As told by Josh’s mum, Natalie.
It’s important to understand that every child, parent and carer will have a different experience with hospital and that every child with Childhood Interstitial Lung Disease (chILD) will have a different journey.
My son Josh has a Primary Immune Deficiency (PID) – X-Linked Agammaglobulinemia (XLA) and as a result of the late diagnosis of XLA he suffered severe lung damage from multiple infections, resulting in his chILD diagnosis of Obliterative Bronchiolitis (OB).
Josh’s hospital experience started with a trip to the emergency department when he was fifteen months old. The journey has been varied, exhausting, evolving, complex and educational. Now four years on, our journey continues to evolve and is an enduring learning experience.
I will break down our experience into three phases.
Phase one: Acute
My son started to get sick when he was about eight months old. I had visited many GPs and was seeing a private paediatrician who diagnosed him with asthma. During the acute phase of my son’s illness, before his diagnosis, he was hospitalised four times. The first time we presented to the emergency department because I was sick of him being sick, nothing seemed to help my son’s health improve and he was getting progressively worse.
After being admitted it took two days for him to be taken to the Intensive Care Unit(ICU), where he stayed for about a week. This time was a blur, but I learnt a lot about the different ways oxygen can be administered, nasogastric (NG) tubes for feeding, pulse oximeters to measure oxygen saturation in the blood, central venous catheters, IV antibiotics and the real meaning of sleep deprivation. After his ICU stay we were sent back to the ward. Within a few days his oxygen levels stabilised and once his oxygen levels remained above 92 for two hours we were allowed to be discharged. Needless to say I was elated, thinking this horrible journey was over and we could get on with our lives.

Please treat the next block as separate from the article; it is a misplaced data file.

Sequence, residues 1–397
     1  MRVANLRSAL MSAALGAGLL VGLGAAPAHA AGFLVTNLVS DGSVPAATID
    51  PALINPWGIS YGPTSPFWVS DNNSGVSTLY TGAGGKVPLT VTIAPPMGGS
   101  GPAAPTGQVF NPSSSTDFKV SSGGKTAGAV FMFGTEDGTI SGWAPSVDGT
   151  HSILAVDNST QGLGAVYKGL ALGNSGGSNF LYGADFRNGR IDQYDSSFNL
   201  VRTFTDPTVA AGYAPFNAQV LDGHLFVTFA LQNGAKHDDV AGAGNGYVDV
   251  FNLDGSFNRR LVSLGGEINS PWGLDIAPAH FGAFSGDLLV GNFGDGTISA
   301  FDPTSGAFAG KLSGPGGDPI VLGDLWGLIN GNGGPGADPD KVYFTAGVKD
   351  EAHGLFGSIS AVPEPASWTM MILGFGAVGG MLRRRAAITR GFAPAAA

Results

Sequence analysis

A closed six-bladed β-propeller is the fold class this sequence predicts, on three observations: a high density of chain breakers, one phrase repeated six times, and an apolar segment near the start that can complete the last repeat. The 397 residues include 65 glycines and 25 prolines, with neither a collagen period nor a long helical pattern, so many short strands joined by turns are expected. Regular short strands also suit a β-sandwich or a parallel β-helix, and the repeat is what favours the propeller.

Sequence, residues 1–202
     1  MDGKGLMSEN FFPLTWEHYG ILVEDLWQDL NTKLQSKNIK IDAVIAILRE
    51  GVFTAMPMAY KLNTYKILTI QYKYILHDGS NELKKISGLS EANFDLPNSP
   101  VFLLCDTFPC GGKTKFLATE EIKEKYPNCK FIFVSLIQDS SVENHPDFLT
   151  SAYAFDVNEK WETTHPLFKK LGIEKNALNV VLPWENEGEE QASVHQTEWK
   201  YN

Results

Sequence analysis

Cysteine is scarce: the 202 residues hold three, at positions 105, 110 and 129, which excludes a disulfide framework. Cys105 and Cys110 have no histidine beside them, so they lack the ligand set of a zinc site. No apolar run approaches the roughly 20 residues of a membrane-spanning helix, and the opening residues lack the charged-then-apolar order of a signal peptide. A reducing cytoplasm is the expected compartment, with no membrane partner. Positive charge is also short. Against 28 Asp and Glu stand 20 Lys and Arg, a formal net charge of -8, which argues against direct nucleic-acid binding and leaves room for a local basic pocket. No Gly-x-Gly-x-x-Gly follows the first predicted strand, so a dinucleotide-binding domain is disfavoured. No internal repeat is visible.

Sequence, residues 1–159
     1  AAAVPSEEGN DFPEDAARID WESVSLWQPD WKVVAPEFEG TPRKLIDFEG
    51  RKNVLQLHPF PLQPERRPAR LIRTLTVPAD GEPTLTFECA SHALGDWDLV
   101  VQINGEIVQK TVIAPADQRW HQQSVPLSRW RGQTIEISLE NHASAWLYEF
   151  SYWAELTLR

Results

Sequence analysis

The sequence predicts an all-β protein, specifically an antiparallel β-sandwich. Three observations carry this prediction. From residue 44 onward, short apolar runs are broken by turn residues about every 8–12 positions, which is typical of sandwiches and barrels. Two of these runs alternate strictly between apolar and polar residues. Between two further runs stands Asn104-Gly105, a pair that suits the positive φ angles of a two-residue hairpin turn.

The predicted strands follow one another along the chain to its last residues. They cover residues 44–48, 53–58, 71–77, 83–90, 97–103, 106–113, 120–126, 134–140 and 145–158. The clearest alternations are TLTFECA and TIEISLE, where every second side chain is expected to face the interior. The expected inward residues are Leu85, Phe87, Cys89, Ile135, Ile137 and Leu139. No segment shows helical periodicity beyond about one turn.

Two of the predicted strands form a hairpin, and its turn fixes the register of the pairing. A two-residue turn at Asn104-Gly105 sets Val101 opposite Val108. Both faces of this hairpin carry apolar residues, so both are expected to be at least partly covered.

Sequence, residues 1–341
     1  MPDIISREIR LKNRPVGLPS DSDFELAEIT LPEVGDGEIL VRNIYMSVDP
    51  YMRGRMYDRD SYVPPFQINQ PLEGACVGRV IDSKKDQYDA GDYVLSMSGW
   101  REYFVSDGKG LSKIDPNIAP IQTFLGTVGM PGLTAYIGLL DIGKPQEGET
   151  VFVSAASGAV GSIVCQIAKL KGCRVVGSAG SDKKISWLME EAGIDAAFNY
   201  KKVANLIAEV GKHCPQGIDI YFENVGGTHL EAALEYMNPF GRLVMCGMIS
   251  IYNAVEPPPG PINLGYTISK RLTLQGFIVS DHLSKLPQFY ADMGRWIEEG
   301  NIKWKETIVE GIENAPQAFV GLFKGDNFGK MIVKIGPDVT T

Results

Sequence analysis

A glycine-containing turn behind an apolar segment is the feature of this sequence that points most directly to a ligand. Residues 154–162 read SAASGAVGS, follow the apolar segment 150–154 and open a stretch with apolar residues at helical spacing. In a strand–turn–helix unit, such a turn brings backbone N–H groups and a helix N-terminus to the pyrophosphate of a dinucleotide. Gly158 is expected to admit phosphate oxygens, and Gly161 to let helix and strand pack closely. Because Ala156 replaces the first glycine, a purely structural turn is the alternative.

Our next admission was about five days later for a very similar set of circumstances, he was admitted, given IV antibiotics, steroids and oxygen until his levels stabilised. About a week later once his oxygen levels remained over 92 for two hours we were discharged with a mountain of antibiotics and asthma medication.
Less than two days later we were admitted again. It was during this admission Josh was diagnosed with XLA and started on Intravenous Immunoglobulin (IVIg). I was told about the possibility of organ damage because of everything his body had been through but again when Josh’s oxygen levels were at 92 for over two hours we were discharged (this was about a week later).
Two weeks after his last admission we had returned to hospital for a check-up with his Immunology and Respiratory teams and it was decided that Josh would be readmitted because his oxygen levels were too low. During this time a CT scan was performed and Josh was given a Peripherally Inserted Central Catheter (PICC) to administer long term IV antibiotics.
A few weeks later I received a call from Josh’s respiratory specialist confirming the diagnosis of OB.
Phase two: Caretaker phase
After his initial diagnosis and time in hospital, life started to settle down. Josh was managing days at childcare and I was getting back to full time work. Josh continues to be an outpatient at his hospital and we are seen on a three monthly basis by Respiratory and Immunology. This is generally the regular pattern and his treatment has allowed him to remain relatively stable and out of hospital (for the most part). Josh’s medication and physiotherapy requirements are constantly evolving. A treatment protocol for someone like Josh does not exist and as his specialists learn more and discover new and better ways of treating his OB, it will continue to change.